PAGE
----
Published Monday, June 9, 2014 | 12:33 p.m.
Updated Monday, June 9, 2014 | 4:18 p.m.
BREAKING: 5 Dead, Including 2 Officers In Vegas
Metro officers shot at CiCi's Pizza
A married couple described as “anti-police and anti-government” carried out the execution-style slayings of two Metro Police officers Sunday at a Las Vegas pizza restaurant and then gunned down an armed bystander who tried to intervene as their failed “revolution” continued, police say.
Metro Police today identified Jerad Miller, 31, and Amanda Miller, 22, as unaligned extremists who carried out the ambush of Metro Officers Alyn Beck, 41, and Igor Soldo, 31, as they ate lunch about 11:30 a.m. Sunday in the CiCi’s Pizza at 309 N. Nellis Blvd.
“The families of the officers are dealing with the loss of their loved ones, and our police department family is trying to cope with their deaths as well,” Sheriff Douglas Gillespie said at the top of a morning news conference in which police detailed the deadly chain of events.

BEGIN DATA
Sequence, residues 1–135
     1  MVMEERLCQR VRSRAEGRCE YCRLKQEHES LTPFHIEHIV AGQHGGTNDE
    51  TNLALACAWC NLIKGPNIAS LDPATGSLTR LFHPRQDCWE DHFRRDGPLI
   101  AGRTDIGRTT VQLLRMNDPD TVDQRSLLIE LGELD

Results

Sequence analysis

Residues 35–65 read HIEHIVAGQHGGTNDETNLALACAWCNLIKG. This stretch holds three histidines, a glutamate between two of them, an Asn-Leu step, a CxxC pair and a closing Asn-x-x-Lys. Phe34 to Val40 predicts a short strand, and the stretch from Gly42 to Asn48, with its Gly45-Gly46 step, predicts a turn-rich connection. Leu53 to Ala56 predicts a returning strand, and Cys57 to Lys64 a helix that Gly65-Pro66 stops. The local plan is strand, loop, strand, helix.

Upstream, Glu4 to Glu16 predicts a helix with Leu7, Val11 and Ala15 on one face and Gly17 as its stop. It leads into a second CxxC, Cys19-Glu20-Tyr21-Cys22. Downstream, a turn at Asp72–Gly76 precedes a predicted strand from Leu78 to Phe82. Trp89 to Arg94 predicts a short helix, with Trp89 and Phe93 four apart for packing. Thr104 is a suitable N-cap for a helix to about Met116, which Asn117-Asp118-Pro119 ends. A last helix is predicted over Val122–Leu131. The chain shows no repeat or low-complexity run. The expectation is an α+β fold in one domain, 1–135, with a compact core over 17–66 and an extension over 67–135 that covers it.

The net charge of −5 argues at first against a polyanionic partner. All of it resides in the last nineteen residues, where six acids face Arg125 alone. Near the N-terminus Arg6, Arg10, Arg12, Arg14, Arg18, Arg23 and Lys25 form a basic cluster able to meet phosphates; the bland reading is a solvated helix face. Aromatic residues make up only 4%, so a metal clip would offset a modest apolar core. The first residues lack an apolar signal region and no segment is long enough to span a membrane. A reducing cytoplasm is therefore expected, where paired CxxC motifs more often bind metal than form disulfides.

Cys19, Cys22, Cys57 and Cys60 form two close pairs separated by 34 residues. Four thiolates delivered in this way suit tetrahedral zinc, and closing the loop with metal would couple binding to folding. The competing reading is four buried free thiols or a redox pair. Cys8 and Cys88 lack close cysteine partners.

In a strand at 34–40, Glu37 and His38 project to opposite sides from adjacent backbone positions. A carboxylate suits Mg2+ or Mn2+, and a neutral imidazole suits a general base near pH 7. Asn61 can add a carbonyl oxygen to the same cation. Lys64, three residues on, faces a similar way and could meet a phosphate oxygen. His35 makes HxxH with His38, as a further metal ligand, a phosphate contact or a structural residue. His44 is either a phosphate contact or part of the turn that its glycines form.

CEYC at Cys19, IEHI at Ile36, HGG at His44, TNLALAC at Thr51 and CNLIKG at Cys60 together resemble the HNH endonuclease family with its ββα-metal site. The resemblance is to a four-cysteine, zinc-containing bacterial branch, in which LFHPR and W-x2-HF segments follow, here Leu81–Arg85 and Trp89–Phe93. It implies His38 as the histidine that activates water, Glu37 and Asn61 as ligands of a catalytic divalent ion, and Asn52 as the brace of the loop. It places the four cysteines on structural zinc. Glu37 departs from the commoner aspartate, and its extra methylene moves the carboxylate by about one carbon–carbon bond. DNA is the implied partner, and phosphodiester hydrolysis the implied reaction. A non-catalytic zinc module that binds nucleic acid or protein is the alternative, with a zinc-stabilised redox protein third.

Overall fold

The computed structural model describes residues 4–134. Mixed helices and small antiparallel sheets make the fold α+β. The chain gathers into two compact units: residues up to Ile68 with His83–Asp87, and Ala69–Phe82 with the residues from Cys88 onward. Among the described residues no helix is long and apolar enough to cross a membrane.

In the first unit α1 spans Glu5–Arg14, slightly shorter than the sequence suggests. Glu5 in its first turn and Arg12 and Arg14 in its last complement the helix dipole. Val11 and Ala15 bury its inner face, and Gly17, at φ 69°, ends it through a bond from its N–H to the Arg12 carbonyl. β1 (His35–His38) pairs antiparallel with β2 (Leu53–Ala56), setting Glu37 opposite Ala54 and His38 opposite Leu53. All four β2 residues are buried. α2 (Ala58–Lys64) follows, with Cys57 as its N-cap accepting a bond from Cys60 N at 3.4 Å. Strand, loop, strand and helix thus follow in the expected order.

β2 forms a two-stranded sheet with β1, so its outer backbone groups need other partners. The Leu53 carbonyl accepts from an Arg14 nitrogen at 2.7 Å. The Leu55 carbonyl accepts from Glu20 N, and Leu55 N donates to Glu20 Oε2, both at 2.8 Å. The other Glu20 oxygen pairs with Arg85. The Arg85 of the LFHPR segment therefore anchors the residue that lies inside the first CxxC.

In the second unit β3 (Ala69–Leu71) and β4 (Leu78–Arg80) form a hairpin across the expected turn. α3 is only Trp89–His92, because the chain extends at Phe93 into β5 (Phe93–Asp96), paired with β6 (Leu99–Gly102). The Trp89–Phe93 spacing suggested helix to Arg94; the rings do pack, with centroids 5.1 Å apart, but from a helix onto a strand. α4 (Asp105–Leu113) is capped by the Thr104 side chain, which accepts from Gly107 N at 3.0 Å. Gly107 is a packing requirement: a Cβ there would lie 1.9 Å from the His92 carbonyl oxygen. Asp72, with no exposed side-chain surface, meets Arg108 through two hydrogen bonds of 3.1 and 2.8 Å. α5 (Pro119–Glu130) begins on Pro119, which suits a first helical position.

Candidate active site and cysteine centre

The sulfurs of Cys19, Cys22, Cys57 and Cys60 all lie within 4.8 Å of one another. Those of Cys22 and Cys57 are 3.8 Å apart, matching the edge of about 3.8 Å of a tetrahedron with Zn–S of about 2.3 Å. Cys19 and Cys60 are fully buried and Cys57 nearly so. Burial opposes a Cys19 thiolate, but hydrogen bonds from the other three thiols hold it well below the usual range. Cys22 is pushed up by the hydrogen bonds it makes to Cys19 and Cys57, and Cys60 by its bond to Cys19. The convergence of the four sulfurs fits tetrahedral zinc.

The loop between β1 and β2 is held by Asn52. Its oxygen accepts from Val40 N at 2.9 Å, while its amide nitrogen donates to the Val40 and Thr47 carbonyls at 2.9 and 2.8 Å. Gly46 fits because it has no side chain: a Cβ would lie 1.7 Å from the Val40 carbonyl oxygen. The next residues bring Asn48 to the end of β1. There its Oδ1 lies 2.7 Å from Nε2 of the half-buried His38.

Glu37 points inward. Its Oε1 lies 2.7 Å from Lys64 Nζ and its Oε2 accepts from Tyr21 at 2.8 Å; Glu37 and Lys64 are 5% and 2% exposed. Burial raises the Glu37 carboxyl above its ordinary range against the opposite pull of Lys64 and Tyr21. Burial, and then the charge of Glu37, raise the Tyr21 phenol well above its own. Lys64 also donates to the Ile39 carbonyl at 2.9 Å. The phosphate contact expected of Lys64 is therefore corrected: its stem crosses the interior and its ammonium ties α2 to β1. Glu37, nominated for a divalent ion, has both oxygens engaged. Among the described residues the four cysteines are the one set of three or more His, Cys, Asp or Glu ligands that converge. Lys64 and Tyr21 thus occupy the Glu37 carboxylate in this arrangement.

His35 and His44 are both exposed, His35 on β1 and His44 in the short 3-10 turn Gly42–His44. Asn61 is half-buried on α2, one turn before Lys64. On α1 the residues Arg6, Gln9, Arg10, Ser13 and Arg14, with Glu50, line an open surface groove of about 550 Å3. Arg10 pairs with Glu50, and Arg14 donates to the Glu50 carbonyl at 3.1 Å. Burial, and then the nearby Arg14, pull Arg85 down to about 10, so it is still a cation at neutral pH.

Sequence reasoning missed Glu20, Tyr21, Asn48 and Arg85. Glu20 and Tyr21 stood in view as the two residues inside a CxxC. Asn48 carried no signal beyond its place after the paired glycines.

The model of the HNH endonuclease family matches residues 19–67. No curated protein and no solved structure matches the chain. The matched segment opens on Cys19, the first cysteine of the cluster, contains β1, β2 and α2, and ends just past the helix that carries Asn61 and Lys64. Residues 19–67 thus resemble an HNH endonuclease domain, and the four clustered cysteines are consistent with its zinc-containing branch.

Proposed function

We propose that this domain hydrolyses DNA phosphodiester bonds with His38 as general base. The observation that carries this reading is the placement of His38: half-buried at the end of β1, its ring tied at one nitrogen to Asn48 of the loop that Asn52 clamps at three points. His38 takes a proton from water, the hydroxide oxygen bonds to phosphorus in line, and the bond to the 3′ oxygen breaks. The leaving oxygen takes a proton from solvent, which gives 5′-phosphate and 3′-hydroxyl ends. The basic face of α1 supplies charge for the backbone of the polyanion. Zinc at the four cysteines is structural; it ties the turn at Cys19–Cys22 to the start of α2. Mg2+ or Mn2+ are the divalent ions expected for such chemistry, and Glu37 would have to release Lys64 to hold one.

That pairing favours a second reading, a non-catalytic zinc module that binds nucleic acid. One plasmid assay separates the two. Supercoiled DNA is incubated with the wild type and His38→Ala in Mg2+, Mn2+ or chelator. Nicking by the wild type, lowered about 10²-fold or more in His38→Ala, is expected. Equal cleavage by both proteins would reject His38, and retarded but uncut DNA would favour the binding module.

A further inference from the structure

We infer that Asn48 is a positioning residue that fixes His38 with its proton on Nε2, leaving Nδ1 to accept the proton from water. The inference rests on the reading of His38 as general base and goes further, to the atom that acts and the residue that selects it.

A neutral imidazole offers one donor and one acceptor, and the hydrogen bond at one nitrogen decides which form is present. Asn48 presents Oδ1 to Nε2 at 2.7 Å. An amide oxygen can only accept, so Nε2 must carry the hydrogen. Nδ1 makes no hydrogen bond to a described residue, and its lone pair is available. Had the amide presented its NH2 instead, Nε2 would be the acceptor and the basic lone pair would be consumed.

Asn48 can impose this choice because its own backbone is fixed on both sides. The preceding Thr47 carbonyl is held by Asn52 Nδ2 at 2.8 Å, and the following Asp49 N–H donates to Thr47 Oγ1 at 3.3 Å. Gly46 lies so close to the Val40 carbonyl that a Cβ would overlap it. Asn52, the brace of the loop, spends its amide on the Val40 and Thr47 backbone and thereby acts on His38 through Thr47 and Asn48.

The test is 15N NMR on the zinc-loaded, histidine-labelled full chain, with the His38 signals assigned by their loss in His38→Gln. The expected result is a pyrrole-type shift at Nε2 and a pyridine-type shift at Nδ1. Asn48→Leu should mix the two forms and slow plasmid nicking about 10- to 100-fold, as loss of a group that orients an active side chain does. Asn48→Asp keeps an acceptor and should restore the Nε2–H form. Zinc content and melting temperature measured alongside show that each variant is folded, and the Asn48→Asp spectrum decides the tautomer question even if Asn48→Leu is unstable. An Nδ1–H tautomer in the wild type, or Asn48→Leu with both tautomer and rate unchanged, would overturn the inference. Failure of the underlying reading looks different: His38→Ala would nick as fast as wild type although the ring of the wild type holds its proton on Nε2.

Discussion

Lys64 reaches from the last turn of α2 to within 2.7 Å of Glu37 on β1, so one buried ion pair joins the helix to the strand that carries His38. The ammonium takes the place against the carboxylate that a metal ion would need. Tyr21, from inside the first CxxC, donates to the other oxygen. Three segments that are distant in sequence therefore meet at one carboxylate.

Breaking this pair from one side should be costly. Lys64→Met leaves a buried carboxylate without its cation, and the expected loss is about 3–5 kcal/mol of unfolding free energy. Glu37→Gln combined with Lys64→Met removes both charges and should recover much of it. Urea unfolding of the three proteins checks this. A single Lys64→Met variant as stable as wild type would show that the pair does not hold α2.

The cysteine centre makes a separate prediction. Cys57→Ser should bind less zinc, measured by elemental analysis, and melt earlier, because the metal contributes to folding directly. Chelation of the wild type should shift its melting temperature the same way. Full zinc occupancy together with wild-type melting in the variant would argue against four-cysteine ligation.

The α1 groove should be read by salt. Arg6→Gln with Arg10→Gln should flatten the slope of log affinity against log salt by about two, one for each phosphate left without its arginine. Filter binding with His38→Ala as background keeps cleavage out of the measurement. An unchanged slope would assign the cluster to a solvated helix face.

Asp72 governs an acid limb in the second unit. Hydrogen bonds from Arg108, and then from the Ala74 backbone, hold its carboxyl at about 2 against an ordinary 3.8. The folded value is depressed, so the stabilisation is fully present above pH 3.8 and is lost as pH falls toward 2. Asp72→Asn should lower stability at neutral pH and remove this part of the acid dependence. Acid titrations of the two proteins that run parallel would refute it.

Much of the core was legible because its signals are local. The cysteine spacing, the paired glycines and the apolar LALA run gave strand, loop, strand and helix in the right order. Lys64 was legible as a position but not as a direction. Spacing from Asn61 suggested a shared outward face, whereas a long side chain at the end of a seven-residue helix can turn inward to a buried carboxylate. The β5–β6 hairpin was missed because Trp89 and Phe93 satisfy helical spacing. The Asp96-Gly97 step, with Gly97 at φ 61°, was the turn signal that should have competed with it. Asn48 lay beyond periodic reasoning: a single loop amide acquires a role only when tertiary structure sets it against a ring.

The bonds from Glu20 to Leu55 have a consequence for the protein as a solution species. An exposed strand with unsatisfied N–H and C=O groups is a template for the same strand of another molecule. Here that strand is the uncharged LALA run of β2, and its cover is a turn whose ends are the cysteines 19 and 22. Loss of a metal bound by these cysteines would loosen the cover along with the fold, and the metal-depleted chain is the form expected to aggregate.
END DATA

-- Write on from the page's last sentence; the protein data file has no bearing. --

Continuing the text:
The Millers were married in 2012 in Indiana, where both had lived previously. Jerad Miller also had lived in Washington state. The two have been in Las Vegas since January.
Assistant Sheriff Kevin McMahill described investigators' findings:
Jerad and Amanda Miller left their downtown apartment around 4:30 a.m. Sunday and walked about four miles to the shopping area around Nellis Boulevard and Stewart Avenue. They scouted out the CiCi’s before the shooting.
Inside the all-you-can-eat pizza restaurant, Beck and Stewart were in a booth having lunch. Jerad Miller walked by and shot Soldo in the back of the head with a handgun. The shot killed Soldo immediately.
Both Jerad and Amanda Miller then turned on Beck, who tried to return fire but was suffered multiple gunshot wounds.
The assailants draped a “Don’t Tread on Me” Revolutionary War-era flag and a swastika over Beck’s body. The flag is a symbol for anti-government groups. They pinned a note to Soldo’s body that declared, “This is the beginning of the revolution.”
“This entire incident at the CiCi’s is captured on videotape," McMahill said. "We’re still conducting forensic review of that video.”
From there, the Millers went across the street to a Wal-Mart. Jerad Miller entered the front door, raised a handgun, fired a round and told the people to “Get out. This is a revolution. The police are on the way.”
Nearby, Joseph Robert Wilcox, 31, was at a checkout area and heard the commotion.